Several tegu clutches have been collected so far and we are very excited to see what these pairings will bring. Blues, Hybrids, Blue Crosses, Albinos and all mixed between is what we have so far.
Spoiled tegus fed whole ground up quail. They absolutely love quail meat over any other meat in my observed opinion. Their appetite seems satisfied for a longer period of time.
After feeding some meat mix, I took some close up pictures of the tegus - most still had their mouths' full.
After some heavy rain I went out to collect some blue tegu eggs. I have several clutches still incubating and am excited (though a little surprised) to keep collecting eggs from my females. As I've mentioned before, this season is a little "off" in terms of timing.
A few people have asked for pics of blues and the breeders. Here are some current pics of most of our breeders for this years blue babies. Please feel free to look at the other photos on the site for previous pics of our blue line. If you have any other questions or to purchase a baby blue please email us at: firstname.lastname@example.org.
I have a great Canon camera though I am not such a great operator. I was attempting to capture actual colors present in natural lighting varying from sunny to cloudy. Most of the time I snap the photo and am immediately disappointed at the lack of representation of the animal on the camera whether that is on my Canon or iPhone. I think these came close to what I saw in person for these tegus. I'll have to keep working on my photography skills.
During this breeding season, I planned to try to breed some hybrids we produced in the past to some blues to see if this brings out any highlights. The diversity I have seen with the hybrids has been very interesting. For example the female hybrid mating the blue male is from the same clutch as the hybrid male mating the albino blue female. I kept them back because of how unique they were. Hopefully these pairings prove out and it would be very exciting to see how the babies develop. In my opinion this is the best part of breeding: picking some animals with very nice characteristics and seeing if those genes carry on to the offspring.
Since the SIM incubator tubs I'm using this year are larger then the standard 16 quart ones, I had to get a third incubator. My two natures spirit were not wide enough to fit several tubs on a shelf and are currently full. This scientific precision incubator was purchased used off eBay and works great. The only negative would be that it weighs in at 300 pounds. The double door is a pretty cool feature which allows you to quickly take a look without having to open all the way and lower the temperature. Currently this is not even half full as you can double up on each row. It's been running for over two months but the true test will be if these eggs hatch.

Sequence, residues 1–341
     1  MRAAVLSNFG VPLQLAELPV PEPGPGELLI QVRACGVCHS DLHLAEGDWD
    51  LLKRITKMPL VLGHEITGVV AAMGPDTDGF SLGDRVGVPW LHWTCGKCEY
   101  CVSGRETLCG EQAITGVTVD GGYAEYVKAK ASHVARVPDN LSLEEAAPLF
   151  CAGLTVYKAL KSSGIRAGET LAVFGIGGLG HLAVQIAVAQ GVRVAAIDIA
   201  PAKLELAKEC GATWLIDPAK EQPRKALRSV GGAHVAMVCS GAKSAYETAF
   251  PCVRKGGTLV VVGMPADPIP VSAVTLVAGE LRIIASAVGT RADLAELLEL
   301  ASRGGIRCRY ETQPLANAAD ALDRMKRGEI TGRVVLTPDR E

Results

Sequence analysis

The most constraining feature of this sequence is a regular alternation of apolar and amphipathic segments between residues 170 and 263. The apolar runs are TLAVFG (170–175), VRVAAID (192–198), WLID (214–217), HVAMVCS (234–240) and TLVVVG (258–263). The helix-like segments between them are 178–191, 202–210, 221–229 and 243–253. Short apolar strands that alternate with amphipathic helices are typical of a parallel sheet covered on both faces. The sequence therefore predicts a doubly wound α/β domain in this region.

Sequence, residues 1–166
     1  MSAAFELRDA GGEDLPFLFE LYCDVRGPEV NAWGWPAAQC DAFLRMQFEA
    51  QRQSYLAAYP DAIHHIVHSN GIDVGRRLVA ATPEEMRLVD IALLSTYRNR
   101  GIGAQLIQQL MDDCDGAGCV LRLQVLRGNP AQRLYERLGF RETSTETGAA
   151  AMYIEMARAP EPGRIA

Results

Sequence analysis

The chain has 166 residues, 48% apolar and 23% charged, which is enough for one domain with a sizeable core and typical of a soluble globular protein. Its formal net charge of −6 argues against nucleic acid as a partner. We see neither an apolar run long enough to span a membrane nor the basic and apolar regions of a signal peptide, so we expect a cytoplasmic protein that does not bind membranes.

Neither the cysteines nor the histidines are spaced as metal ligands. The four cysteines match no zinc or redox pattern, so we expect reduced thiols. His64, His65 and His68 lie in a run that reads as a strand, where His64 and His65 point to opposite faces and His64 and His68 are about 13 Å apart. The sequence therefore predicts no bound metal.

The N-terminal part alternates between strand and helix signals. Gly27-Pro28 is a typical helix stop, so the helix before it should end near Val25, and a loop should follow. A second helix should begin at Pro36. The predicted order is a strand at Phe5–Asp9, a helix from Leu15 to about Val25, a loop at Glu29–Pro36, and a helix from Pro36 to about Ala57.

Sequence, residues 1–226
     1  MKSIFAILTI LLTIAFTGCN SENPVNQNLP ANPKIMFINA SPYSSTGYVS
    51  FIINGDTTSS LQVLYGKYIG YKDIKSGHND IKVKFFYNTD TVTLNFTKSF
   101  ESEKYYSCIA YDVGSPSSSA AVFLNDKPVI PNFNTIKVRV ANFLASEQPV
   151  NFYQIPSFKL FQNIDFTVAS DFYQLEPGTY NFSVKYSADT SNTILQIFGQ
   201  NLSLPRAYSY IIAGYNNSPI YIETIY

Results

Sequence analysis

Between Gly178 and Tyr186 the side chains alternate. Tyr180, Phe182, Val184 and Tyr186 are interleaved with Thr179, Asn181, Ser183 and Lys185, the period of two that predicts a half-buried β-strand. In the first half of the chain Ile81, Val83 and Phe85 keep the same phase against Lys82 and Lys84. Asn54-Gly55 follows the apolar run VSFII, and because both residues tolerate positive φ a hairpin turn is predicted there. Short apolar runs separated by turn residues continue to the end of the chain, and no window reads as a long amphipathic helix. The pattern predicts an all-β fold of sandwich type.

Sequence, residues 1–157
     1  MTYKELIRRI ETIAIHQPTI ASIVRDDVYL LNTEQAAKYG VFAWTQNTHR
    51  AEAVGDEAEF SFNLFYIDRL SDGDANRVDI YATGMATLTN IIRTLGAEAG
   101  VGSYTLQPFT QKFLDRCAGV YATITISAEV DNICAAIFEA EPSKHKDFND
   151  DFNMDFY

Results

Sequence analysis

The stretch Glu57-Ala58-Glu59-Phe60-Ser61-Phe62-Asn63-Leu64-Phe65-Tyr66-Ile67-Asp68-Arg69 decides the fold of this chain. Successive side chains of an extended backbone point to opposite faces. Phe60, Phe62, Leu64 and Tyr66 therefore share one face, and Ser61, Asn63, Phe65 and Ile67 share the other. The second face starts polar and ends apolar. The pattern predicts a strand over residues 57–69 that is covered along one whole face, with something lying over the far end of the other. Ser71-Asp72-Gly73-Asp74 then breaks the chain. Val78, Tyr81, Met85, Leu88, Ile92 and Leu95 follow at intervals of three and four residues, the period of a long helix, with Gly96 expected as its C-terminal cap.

Did some work this weekend to complete some of the new outdoor tegu cages I was working on. I use welded wire for the flooring and roof. I then use 2x12 for the sides and to divide the cages. Also the left over 2x12 pieces I used to build the hides. Corrugated plastic roof panels are used for the walls. This setup seems to work quite well as they can't climb the sides but some light still passes through the tinted plastic. I moved in a few new residents, albino blue tegus.
We have had a fairly mild winter compared to last year and some tegus didn't burrow down as deep as I would like with many coming out to bask on these cold days. The ones that haven't burrowed themselves down will be brought in to the garage tonight since by morning temperatures are expected to get down to 36 degrees. I have added additional hay, mulch and have covered the hide entrances but I'd rather not take the risk with these blue tegus.
I had some branches chopped, so I figured it would make great mulch bedding for the cages. Especially at this time of the year that they are starting to push the bedding in to their hides to prepare for brumation. I try to throw the mulch as close to the hide entrance as I can to make it easier for them to guide it in. I had some help from my mother-in-law, and we enjoyed the wonderful day. I will be adding some hay to all the cages very soon as well.
Here are two of some T positive blue albino tegus we produced this year. The dark pigment is very present and it's a nice contrast with those red eyes. After producing quite a few albinos this year, it's very cool to see all the variations even within albinism.
This past week, we had Rachel and Joey here performing genetic classification research on our adult tegus. Rachel is a graduate student and was enthusiastic and passionate about her work! We were happy to have them visit, and both Hector and Rachel learned a lot from one another. We are excited to learn the results of her study as she's been collecting data over the course of 3 years!
These are some of my current and future breeder Blue Tegus. The colors range from high whites to deep blues, and albinos of course. It's hard to capture the vivid colors these animals display.